With all that is going on in the world, it is a logical extension to think that insurance companies or states might extend the period for filing suit. For example, most recently, Gov. Andrew Cuomo signed an Executive Order suspending “any specific time limit” on the start or filing of any legal action, notice, motion or “other process or proceeding.” The wide-ranging executive order suspending the statute of limitations applies but is not limited to, criminal procedure law, civil practice law and the courts of claims act. The order pausing those rules goes through April 19, 2020. Likewise, the Supreme Court of Georgia has tolled the statute of limitations in civil cases through April 13, 2020. However, for most states right now, it appears as though it is business as usual when it comes to complying with the statute of limitations. Therefore, it is important that insureds, public adjusters, and attorneys all be aware of any impending suit limitations periods.
The recent case of Brillman v. New England Guaranty Insurance Company, Inc., 2020 VT 16 (Feb. 21, 2020), is a good reminder that a suit limitation provision requiring an action to be commenced within one year after the “date of loss,” does not mean within one year of the insurer’s breach.
The insureds sustained a water damage loss in January 2010. Over the course of the next seven years, the insured and insurer communicated about the claim. In February 2017, the insurer made its final payment. After the insurer did not act on the insured’s request for an appraisal, the insured filed suit alleging breach of contract and bad faith.
The parties presented competing interpretations of the policy’s suit limitation provision. The policy required that suit be brought within one year of the “date of loss.” The phrase “date of loss” was undefined under the policy. The insurer argued that “date of loss” was interpreted as running from the date of the occurrence giving rise to coverage. The insured argued that the term was ambiguous and should be construed against the insurer to mean the date the insurer breached its agreement under the insurance contract.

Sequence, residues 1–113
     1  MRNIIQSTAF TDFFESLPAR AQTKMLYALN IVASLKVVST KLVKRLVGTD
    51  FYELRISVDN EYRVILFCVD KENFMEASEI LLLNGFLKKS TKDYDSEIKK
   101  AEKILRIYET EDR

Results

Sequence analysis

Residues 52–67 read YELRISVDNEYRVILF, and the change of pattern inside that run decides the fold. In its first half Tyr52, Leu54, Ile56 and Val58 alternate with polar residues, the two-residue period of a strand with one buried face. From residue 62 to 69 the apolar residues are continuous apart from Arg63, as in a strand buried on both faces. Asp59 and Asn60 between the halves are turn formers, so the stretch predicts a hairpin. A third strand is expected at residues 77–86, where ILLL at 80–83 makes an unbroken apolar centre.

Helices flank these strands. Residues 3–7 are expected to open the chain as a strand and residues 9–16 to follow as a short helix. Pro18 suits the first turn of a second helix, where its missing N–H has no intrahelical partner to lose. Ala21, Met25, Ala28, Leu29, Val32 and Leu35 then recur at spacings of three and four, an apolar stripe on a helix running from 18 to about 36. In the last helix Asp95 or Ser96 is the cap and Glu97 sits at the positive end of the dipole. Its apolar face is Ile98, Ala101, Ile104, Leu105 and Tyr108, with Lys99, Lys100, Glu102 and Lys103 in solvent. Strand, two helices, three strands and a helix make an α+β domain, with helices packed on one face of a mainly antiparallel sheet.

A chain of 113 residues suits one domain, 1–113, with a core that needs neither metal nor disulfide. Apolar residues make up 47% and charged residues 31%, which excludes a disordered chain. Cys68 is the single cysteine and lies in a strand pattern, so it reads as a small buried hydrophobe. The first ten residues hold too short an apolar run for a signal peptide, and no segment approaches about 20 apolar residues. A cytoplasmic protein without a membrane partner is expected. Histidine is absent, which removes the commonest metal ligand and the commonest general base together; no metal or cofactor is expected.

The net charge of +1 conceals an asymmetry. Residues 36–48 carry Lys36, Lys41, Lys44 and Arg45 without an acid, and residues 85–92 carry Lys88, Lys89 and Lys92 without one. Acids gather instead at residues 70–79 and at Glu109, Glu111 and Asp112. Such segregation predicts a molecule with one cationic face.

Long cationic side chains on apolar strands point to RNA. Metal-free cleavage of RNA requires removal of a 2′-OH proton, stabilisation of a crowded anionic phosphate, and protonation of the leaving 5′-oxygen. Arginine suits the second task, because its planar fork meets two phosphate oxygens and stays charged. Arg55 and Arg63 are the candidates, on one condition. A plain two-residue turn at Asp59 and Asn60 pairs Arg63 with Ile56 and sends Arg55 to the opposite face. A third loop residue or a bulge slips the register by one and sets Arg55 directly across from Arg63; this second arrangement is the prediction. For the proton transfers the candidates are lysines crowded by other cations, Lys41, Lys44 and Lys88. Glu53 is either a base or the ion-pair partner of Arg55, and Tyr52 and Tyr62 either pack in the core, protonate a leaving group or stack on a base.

The Vermont Supreme Court concluded the phrase “date of loss” was not ambiguous and that by its terms, the policy expressly applied only to “loss” that occurred during the policy period. While “date of loss” is not defined in the policy, the policy defines occurrence as an accident that results in “bodily injury” or “property damage.” Property damage, in turn, is defined as “physical injury to, destruction of, or loss of use of tangible property.” Moreover, the court noted that nowhere in the policy is loss used to refer to the date coverage is denied. While the Vermont Supreme Court remanded the case to determine if the insurer had waived the limitations period, the court did hold that “loss” as used in the suit-limitation provision, unambiguously referred to the occurrence giving rise to coverage.
It is worth noting that some jurisdictions and policies do provide that the trigger for filing suit is the insurer’s breach or denial. Therefore, as always, it is important to read your policy fully and know the applicable laws of the jurisdiction in which your claim or loss is pending. Stay safe and be well!